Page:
What should be emphasized are the qualities of the script and the mise en scene: a phenomenological description of adolescence with the characters and the action clearly situated right from the beginning, the complete freedom of the little hero as we watch. This idea of 'freedom' calls for an important comment: the impression is often that a hidden camera is following Antoine, that he has no idea that he is being filmed. And it is precisely this illusion of the 'direct' and 'untampered with' that gives the film that emotive quality which counterbalances the shock and disorder that might be generated by the film's beginning. The adoption of the television style for the psychology scene by no means constitutes a stylistic hiatus, but ultimately confirms the general impression of the 'direct'.
In this way Truffaut achieves a sense of the real that is rare in the cinema and is underlined by his unfailing concern to refer to authentic details. There is not a single shot where Truffaut does not use some element of the setting to send the profound truth of his subject shattering through the screen. He has an innate sense of inanimate objects and their relationship to human beings. As in the works of the great novelists, these characters also find themselves exposed to objects which oppose them with a form of resistance. From this derives a sense of duration to which we have been unaccustomed in the cinema. Truffaut has a passion for everything that at first sight seems trivial: the papers to be burned, the dustbin to be emptied, the curtains the boy uses to dry his hands, the sideboard from which he takes the cutlery, the banana skin he cuts up, etc. Things thus assume an importance and help to explain the hero's character.
I am also struck by the way the film moves from the particular to the general. The description of adolescence, as I said before, fits those given in specialist manuals. Antoine is simultaneously Truffaut and Moussy, you and me. Sartre said: 'You must know how to say we before you can say I.' To talk to us Truffaut has chosen to begin with the first person plural. In fact his film sometimes seems too general and not particular enough. But what does it matter, since Truffaut progresses consistently: in Les Mistons 'we' was a group of children, here it is one. Not bad going. Perhaps he will be reproached for some carelessness in the film's construction, a touch of rawness in the story. But is there really a story here? Isn't it rather as he has said himself, a chronicle of the thirteenth year?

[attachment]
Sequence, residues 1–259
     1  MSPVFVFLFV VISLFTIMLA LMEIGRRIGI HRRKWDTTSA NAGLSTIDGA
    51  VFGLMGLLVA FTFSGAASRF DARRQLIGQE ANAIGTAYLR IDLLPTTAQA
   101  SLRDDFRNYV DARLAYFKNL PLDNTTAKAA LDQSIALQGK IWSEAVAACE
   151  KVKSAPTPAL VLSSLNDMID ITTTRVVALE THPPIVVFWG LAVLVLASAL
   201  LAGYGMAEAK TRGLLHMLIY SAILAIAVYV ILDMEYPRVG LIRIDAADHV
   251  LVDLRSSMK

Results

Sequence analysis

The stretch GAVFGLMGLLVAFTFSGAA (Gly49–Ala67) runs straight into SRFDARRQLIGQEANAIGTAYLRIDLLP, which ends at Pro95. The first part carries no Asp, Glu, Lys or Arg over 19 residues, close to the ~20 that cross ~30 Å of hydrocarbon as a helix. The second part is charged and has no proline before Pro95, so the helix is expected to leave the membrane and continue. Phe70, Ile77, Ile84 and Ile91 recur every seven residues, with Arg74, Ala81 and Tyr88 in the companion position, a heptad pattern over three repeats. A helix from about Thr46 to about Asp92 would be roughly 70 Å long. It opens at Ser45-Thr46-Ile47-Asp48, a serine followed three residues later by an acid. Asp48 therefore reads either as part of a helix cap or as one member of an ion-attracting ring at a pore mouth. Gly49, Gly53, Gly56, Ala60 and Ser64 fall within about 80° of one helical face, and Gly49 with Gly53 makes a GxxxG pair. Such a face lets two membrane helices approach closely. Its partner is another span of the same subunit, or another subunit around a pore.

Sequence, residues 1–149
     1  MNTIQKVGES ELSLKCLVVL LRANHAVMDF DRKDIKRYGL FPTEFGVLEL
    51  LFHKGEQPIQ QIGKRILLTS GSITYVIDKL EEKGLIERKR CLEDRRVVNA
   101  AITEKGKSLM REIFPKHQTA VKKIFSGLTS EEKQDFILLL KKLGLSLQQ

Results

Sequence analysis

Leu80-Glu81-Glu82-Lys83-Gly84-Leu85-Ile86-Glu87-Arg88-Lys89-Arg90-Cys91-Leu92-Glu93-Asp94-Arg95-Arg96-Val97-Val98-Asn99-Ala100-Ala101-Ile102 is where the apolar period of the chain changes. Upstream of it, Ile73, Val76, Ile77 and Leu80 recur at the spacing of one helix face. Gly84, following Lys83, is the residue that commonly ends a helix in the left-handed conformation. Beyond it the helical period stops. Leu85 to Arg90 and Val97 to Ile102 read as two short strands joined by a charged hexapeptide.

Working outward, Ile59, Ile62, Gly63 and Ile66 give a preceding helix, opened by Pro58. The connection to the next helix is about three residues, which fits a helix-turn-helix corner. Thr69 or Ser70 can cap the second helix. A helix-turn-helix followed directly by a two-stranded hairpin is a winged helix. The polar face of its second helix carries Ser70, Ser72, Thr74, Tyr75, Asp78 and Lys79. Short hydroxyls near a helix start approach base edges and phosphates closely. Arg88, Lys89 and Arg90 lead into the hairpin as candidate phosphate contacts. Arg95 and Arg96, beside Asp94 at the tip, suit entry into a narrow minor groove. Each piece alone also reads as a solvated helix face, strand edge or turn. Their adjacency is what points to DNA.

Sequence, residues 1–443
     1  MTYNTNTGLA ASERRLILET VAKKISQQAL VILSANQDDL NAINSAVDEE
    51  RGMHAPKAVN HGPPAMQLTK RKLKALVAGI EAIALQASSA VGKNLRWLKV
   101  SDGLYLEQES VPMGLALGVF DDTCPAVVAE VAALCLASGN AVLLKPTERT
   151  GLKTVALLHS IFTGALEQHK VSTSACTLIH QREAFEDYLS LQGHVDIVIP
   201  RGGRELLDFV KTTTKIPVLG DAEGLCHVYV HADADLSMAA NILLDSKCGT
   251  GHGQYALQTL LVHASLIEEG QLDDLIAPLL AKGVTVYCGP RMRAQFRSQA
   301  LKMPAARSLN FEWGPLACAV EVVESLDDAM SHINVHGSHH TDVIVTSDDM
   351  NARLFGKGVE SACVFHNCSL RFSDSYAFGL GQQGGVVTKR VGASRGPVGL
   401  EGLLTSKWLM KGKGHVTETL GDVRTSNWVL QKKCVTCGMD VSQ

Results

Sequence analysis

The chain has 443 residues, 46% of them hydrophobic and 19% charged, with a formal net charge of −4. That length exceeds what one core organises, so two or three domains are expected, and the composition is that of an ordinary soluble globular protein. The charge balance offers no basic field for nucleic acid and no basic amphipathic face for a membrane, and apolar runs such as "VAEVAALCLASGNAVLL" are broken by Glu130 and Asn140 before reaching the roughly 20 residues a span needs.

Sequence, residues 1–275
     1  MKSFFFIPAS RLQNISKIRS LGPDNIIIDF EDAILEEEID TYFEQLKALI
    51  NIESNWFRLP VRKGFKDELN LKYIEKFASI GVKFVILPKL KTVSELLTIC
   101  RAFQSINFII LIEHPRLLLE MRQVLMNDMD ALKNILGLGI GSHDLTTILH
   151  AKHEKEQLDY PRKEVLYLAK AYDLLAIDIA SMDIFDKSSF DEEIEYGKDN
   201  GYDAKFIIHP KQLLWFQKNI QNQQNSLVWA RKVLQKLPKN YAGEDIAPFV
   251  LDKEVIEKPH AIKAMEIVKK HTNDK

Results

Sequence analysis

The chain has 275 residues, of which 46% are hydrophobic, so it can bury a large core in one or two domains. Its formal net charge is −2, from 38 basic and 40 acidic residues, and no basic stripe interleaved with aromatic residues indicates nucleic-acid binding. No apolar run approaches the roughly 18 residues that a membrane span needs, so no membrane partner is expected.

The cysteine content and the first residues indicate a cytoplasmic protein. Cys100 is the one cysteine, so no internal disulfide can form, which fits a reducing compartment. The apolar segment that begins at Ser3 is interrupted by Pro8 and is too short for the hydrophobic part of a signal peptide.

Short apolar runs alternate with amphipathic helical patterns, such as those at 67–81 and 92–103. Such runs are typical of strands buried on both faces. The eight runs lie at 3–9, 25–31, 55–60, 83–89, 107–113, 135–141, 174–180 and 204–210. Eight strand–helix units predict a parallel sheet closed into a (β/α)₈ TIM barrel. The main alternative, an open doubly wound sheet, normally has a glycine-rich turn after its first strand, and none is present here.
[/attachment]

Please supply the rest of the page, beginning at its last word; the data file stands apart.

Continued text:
The ending is very beautiful, stopping the film with the hero's gesture as he turns, leaving the door open to the future. But it still leaves us unsatisfied: what will Antoine be like when he gets through adolescence? No doubt Truffaut will deal with this other subject some day. Here his purpose was only descriptive.
As in Les Mistons, Truffaut's infinite tenderness towards his characters does not fail. He seeks to express it even better by referring to the filmmakers he admires: Vigo, Renoir, Rossellini. Sometimes he likes to pay them direct homage with those 'lavish quotations' he himself talked about in an articles. It is of little importance. For the moment Truffaut is not yet alone. He is going through his 'adolescence' as a director. He is still with the 'we' as a means of expression. By necessity, but most of all because of modesty (which is not the least of his qualities). And since I have taken the liberty of explaining our friend in his own words, I shall quote yet another of his articles: 'It must be acknowledged, clearly, that the greatest film-makers in the world are over fifty; but it is important to practise the cinema of one's own age and,if you are twenty-five and admire Dreyer, to aim to equal Vampyr rather than Ordet. Youth is full of small ideas, young film-makers have to make films that are absurdly fast, with characters in a hurry or shots piled on, vying for the last word; films full of small ideas. Later the small ideas will disappear and give way to a single, big idea.'
It only remains for me to wish that Truffaut may make many films, so that it will take as little time as possible before he addresses us in the first person singular.
Translated by Liz Heron
Cahiers du Cinema, Volume 1/ The 1950: Neo-Realism, Hollywood, New Wave/Part One: French Cinema /
Fereydoun Hoveyda: 'The First Person Plural' (article on Francois Truffaut's Les 400 Coups)
Edited by Jim Hillier
Harvard University Press